One Third of Consumers Favor Relevance of Targeted Ads

As an Internet user, chances are you’re regularly on the receiving end of retargeting campaigns – you just might not know it yet.

In case you’re unfamiliar with the terminology, retargeting (known as remarketing in the Google realm) is the practice of serving ads based on a searcher’s previous search history.

Retargeting, RemarketingSo if you’ve ever noticed ads for products you researched online – say, a pair of shoes or a flight to Hawaii – following you around the web, that was more than likely retargeting.

The benefit of retargeting is that it helps companies advertise to visitors who leave their site without a conversion.┬áThis is all good news for marketers – but studies show that the practice is not exactly favored (or in some cases, recognized) by consumers.

In a Q1 2012 survey of 2,000 US adults Pew Internet’s Search Engine Use 2012 uncovered what Internet users really think about retargeting.

First off, a sizable portion of Internet users have not yet realized that they’re seeing retargeted ads. On average, only 59% said they noticed being targeted by ads online that were directly related to things they’d recently searched or sites they’d visited.

According to Pew’s research, 68% of US adults said they were “not OK” with targeted ads because they “don’t like having their online behavior tracked and analyzed.” On the other hand, 28% said they were OK with it because it means that they are served more relevant ads for things that they’re really interested in.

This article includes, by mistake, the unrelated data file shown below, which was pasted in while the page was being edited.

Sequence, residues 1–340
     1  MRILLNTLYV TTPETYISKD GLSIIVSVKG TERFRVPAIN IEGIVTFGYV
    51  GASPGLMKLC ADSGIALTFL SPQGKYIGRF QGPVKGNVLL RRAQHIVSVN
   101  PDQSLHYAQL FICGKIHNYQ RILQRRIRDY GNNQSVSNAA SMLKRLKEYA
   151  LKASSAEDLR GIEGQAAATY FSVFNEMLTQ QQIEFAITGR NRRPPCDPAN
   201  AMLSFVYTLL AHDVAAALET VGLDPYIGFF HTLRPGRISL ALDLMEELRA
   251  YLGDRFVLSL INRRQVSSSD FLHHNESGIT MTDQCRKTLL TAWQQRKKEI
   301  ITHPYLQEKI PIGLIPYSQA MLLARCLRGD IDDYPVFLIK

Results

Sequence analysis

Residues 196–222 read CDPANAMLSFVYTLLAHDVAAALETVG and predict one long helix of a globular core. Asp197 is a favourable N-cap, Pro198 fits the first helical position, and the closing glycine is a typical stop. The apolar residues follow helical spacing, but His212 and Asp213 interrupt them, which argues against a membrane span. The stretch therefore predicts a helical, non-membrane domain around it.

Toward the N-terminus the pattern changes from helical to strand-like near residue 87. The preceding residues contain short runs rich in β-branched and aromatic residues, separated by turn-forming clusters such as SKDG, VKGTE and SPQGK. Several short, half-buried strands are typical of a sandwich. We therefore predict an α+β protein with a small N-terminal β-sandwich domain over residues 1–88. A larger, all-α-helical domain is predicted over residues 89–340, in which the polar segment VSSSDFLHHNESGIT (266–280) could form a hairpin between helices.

The study also revealed some interesting demographic findings related to retargeting. The older a person is (up until the 65+ mark), the less like likely they are to feel OK with targeted ads. Likewise, the more money a person makes, the less likely they are to be comfortable with ads, up until the $75,000+ mark.

This data, however, does not reveal any insights on the effect targeted ads have on purchase; when consumers notice an ad following them around on the internet, they may or may not notice it, and they may or may not feel annoyed. But what about the ad’s effect on the increasingly complex digital path to purchase?